TABLE 2
www.frontiersin.org

Table 2. Transmissions of the alleles between 45 and 65 CGG repeats.

FIGURE 1
www.frontiersin.org

Figure 1. Examples of pedigrees of studied families showing the expansion of the CGG repeats. (A) The allele with 56 CGG repeats and two AGG interruptions is inherited by the daughter without expansion. (B) In the third generation, the patient presents with Fragile X Syndrome with an allele of more than 200 repeats. Subject II-1 presents a mosaicism in the number of CGG repeats.

TABLE 3
www.frontiersin.org

Table 3. Results of triplet studies in different generations of families where the index case presented 0 AGG interruptions in her allele.

Discussion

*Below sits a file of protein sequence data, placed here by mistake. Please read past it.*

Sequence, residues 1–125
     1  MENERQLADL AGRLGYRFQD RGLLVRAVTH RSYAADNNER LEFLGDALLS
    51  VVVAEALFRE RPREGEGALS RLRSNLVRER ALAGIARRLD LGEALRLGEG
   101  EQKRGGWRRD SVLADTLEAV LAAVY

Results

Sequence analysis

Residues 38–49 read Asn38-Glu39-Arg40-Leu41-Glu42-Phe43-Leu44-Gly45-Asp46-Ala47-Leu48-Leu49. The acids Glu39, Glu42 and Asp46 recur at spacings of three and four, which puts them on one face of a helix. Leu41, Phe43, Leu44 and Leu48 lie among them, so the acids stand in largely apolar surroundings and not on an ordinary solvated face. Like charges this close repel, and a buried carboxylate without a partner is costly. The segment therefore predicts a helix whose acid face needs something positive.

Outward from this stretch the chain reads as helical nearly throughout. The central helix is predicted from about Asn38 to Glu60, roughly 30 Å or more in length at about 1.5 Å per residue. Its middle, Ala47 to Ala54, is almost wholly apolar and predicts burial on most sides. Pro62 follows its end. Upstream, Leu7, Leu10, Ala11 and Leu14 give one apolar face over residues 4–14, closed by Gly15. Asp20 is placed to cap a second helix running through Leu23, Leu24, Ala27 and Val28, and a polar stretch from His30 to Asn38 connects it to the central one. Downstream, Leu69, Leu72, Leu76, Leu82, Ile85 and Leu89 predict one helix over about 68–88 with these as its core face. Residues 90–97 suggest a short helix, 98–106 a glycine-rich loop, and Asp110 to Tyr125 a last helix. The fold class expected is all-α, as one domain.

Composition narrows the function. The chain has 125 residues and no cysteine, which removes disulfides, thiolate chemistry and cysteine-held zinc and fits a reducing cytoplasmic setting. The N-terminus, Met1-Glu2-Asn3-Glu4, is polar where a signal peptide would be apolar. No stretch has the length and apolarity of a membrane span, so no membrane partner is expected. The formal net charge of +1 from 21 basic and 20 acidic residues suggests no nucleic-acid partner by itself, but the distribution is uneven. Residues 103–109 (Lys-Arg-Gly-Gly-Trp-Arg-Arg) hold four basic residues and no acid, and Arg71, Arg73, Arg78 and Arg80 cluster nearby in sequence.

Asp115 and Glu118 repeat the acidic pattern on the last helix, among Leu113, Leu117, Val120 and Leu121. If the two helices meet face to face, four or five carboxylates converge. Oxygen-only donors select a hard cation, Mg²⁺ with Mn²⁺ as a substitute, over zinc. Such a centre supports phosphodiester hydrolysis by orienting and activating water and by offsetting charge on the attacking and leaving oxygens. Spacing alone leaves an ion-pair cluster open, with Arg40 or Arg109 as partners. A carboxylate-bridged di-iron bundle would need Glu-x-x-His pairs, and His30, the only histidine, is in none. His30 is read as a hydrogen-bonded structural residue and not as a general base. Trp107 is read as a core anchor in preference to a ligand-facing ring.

Although the importance of AGG interruptions in maintaining FMR1 repeat stability has been well-documented (Yrigollen et al., 2012; Nolin et al., 2013, 2015; Domniz et al., 2018), nowadays clinicians use in genetic and reproductive counseling the laboratory reports where the American College of Medical Genetics definition for the ranges of IA (45–54) and PM (55–200) (Maddalena et al., 2001) are followed. These guidelines do not include the composition of the sequence (i.e., presence or not of AGG interruptions). This raises a great anxiety in many women due to the high frequency of IAs and PM (Madrigal et al., 2011) in our population.